The importance of seat belts can’t be overstated.
We recently were involved in an accident in which another tractor trailer had stopped on the road at night with no lights on. Our driver saw it at the last second and swerved to miss it. The tractor was totally destroyed. But he is alive and well.
Because he had his seat belt on.
Seat belts could be the most significant safety device ever invented. In fact, they are your personal protection equipment (PPE). PPE examples are welding masks and gloves, harnesses for working off the ground, hard hats for construction sites etc. Seat belts are there to save your life. And they will. And they cannot be taken for granted.
– They provide impact protection.
– They absorb crash forces.
– They keep you from being thrown from the vehicle.
– They hold you in place while the vehicle collapses around your “safe” zone.
To put it simply, seat belts help keep you in place, in control, and in a much better position to avoid an injury. They can keep you from being knocked unconscious which allows you the chance to escape from a crash with your life.
The following points
are how NOT to wear your seat belt:
– Do not wear the shoulder straps under your arms or behind your back.
– Do not allow the buckle to rest on your stomach.
– Do not wear the shoulder belt too tight or let it rub against your neck.
– Do not allow the belts to become too loose.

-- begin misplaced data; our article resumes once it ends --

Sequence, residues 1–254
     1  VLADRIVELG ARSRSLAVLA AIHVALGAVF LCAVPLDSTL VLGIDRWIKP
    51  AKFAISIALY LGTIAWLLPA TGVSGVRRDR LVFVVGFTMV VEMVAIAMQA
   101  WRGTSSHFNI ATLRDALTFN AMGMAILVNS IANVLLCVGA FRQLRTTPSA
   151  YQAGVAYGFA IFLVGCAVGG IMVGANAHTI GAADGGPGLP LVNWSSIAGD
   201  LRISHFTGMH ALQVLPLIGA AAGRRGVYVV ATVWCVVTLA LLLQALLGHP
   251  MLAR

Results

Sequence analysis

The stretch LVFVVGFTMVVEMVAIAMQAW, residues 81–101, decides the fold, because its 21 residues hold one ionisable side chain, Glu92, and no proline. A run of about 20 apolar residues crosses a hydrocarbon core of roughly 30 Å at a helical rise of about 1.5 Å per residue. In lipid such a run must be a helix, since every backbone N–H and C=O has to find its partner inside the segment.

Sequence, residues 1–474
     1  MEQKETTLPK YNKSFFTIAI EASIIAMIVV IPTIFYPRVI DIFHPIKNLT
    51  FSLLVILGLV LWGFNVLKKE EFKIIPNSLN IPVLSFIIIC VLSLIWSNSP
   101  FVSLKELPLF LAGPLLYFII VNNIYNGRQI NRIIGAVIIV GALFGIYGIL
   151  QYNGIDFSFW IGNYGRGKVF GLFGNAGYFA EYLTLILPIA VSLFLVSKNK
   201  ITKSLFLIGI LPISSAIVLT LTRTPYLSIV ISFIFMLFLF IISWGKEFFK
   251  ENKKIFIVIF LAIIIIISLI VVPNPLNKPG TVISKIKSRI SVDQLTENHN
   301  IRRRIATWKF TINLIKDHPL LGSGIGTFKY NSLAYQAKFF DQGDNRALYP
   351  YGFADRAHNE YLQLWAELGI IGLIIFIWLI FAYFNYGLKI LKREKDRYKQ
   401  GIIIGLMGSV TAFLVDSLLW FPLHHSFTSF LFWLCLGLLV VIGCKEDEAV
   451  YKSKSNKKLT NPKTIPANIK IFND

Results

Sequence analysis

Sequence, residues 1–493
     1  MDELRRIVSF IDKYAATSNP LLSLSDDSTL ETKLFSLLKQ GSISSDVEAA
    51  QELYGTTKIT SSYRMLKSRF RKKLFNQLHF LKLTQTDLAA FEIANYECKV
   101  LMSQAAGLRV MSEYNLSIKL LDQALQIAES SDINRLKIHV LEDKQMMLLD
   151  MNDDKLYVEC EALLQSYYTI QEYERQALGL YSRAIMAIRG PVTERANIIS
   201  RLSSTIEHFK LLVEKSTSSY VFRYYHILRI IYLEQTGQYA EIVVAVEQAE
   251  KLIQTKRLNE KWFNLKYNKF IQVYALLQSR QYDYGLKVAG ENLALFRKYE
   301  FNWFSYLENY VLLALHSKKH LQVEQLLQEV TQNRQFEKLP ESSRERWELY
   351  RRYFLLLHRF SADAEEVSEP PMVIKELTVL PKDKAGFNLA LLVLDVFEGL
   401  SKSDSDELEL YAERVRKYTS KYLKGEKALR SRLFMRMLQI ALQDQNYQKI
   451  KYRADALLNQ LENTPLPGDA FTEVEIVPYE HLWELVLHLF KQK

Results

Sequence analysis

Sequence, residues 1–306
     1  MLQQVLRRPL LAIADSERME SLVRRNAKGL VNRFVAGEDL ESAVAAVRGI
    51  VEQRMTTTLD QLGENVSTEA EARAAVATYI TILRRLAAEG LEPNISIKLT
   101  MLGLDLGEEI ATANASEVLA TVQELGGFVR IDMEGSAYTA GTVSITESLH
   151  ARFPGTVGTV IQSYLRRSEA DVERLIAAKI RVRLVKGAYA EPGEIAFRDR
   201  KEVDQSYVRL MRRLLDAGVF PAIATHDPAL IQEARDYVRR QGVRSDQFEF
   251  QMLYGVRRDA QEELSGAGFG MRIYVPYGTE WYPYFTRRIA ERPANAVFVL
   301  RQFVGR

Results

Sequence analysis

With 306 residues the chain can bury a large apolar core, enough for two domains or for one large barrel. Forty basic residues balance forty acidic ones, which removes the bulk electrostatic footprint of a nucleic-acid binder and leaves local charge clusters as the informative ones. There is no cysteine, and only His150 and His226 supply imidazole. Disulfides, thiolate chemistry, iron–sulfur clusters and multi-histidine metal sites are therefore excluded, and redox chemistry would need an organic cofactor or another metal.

The following points are HOW to wear your seat belt:
– Do wear the lap belt low on the lap. 2-4 inches below the waist and against the thighs. The strong bones of the hips can absorb the forces experienced in a crash.
– Do wear the shoulder straps across the center of the chest and the center of the shoulder.
To correct a shoulder belt that is too tight or is rubbing against your neck:
Bring the belt close over your body, pull the shoulder belt out at least 5 inches, and let it return to your chest.
Pull down on the shoulder belt only as far as necessary to ease the pressure and let it go. The shoulder belt will then stay in position.
Every so often, get rid of additional slack by pulling the belt out at least 5 inches and letting go. Slack is then automatically removed.
Not Wearing a Seat Belt is Costly!
Motor vehicle crashes of all types have consistently been a leading cause of lost work time and on-the-job fatalities in the United States. According to the FMCSA, the average cost to a company per truck crash injury is more than $170,000 and per fatal truck crash, more than $3.5 million.
What Seat Belts Do
– Seat belts spread the stress and impact forces of a crash along the stronger and broader areas of the body.
– Seat belts hold you in place while the vehicle absorbs the forces of the crash and slows down.
– Seat belts keep you from being ejected from the vehicle or thrown around inside the vehicle preventing striking against objects in the cab.
– Serious or fatal injuries occur when truck occupants strike the steering wheel, windshield, dashboard, side doors and windows, roof, and other objects.
– A minor collision can become a major collision without your seat belt on because if you are thrown out of your seat you are going to lose control of the steering, which could lead then to a more serious accident.
– You can avoid 2nd and 3rd crash incidents in a multiple vehicle accident if you have your seat belt on because you will maintain vision and still in control of the vehicle.